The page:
I know I wrote about laments just a few days ago, but Jeremiah’s words just hit home with me this morning. As I was coming to the end of Jeremiah 8, I was just stopped by these words:
My joy is gone, grief is upon me, my heart is sick.
Hark the cry of my poor people from far and wide in the land: “Is the Lord not in Zion? Is her King not in her?” (Why have they provoked me to anger with their images and their foreign idols?”
“The harvest is past, the summer is ended, and we are not saved.”
For the hurt of my people I am hurt, I mourn, and dismay has taken hold of me.
Is there no balm in Gilead? Is there no physician there? Why then has the health of my poor people not been restored?
These words were just so raw and so powerful that I haven’t been able to get them out of my mind. Some of that is that “lament” has been on my heart since the DisGrace conference – so much of what I heard there was a call to lament. Lamenting injustice. Lamenting hurt and pain. Lamenting continuing racial divides. Lamenting the fact that we don’t lament anymore.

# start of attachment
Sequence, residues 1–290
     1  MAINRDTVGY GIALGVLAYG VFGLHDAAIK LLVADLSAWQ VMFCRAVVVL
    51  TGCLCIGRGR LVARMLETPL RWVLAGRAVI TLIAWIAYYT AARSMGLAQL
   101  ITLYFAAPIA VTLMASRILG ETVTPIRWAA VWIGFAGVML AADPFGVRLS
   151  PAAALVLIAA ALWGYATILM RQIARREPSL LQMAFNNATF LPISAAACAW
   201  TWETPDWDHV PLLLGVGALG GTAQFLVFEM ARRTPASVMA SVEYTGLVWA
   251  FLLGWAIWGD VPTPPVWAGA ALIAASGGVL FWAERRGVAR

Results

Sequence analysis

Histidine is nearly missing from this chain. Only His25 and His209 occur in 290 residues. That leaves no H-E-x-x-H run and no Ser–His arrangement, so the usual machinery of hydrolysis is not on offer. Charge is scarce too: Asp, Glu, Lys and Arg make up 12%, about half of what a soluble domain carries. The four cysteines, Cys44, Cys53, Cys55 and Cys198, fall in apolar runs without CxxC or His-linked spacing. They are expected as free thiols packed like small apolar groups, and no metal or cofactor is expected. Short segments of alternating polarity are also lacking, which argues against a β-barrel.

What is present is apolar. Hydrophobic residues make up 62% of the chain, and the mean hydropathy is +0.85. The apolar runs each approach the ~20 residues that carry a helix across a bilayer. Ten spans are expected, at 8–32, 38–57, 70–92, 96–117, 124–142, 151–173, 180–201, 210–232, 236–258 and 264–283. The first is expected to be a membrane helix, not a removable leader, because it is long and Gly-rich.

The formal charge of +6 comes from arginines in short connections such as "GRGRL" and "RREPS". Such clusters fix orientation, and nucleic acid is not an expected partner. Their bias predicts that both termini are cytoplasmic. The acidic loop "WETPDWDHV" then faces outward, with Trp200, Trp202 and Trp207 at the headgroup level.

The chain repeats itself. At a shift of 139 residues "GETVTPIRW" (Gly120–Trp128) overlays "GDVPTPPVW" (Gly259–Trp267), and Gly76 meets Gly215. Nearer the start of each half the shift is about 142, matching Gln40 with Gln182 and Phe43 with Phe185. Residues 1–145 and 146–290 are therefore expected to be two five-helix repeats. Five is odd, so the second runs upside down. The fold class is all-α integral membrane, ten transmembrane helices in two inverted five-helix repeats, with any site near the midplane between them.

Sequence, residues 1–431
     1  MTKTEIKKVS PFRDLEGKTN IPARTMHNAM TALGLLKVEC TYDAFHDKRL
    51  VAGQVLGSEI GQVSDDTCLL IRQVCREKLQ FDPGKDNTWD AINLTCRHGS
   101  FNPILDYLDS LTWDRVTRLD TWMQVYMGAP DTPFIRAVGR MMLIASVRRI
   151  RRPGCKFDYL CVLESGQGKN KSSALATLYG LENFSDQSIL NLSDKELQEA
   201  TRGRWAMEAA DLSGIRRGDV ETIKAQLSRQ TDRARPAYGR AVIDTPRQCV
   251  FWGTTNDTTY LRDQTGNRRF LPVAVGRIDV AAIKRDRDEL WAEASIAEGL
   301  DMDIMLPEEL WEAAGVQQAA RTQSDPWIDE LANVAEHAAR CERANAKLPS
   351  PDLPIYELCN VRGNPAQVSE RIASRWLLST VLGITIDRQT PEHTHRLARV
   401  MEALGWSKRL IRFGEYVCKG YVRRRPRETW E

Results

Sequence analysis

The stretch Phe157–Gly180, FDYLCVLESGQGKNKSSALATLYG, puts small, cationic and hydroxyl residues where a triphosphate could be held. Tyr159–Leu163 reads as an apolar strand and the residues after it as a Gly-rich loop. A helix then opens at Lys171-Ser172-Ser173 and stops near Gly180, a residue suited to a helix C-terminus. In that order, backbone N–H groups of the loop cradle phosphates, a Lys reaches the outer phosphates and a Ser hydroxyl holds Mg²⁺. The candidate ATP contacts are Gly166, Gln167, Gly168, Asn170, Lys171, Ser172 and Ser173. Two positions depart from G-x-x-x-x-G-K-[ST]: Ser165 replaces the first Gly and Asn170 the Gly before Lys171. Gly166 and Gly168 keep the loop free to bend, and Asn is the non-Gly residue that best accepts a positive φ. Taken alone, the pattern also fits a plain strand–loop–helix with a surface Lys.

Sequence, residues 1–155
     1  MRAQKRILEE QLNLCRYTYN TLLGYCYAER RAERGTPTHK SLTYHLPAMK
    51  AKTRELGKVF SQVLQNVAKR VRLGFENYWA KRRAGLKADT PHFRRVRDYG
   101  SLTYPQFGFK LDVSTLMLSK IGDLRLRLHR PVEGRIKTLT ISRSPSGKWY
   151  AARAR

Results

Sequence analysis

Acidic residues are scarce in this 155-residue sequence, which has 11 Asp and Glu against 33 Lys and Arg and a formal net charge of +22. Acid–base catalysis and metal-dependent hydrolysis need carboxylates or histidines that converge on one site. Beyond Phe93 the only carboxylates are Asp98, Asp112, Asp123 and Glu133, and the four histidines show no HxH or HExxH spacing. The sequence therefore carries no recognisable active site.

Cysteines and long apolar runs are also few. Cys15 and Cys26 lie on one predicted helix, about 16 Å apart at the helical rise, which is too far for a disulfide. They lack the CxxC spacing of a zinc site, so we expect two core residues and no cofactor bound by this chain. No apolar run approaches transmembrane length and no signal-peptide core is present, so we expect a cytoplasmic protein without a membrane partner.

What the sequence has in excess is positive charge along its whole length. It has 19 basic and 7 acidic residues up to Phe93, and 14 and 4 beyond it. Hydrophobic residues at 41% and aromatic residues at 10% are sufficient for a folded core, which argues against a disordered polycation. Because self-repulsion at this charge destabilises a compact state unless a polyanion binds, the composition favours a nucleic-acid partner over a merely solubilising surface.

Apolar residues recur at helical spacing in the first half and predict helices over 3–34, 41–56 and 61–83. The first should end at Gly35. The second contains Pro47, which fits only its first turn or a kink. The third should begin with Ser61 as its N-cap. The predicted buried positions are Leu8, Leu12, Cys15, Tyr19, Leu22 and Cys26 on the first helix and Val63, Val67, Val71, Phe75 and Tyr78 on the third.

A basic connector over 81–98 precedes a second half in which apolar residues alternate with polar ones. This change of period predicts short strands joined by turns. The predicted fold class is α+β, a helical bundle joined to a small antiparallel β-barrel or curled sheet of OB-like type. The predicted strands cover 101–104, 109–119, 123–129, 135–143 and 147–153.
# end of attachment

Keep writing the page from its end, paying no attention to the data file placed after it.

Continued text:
One of the speakers reminded us of how much of Scripture (especially in the Old Testament) is devoted to the practice of lament – 40% of the Psalms by some estimates, an entire book called “Lamentations”, and many other places. Yet, in our contemporary music books – hymnals, CCLI, etc – laments are few and far between. His estimate was that less than 15% of the hymns in the PCUSA hymnal are even vaguely laments and the songs that top the list of contemporary CCLI licensed songs that are laments? 5% at best.
Like this picture above, there are times that our lives is sunny and blue skies. But there are other times that aren’t that far away that are stormy, uncertain, and scary. They are places where a song of praise doesn’t seem to fit, but instead a lament of saying, “God we need you!” is necessary.